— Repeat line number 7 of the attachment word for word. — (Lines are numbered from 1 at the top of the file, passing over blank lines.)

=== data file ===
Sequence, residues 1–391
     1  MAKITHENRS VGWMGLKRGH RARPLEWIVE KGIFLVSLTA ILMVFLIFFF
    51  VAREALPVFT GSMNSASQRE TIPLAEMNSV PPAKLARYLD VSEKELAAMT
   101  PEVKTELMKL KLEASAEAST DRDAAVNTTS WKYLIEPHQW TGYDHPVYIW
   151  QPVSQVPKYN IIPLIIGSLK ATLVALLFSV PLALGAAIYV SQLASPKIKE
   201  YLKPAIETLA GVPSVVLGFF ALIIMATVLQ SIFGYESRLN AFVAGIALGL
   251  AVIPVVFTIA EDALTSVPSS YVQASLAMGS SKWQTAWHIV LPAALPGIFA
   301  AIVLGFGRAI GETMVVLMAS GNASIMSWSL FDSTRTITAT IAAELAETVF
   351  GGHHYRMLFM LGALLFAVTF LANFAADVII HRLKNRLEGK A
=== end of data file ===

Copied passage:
   251  AVIPVVFTIA EDALTSVPSS YVQASLAMGS SKWQTAWHIV LPAALPGIFA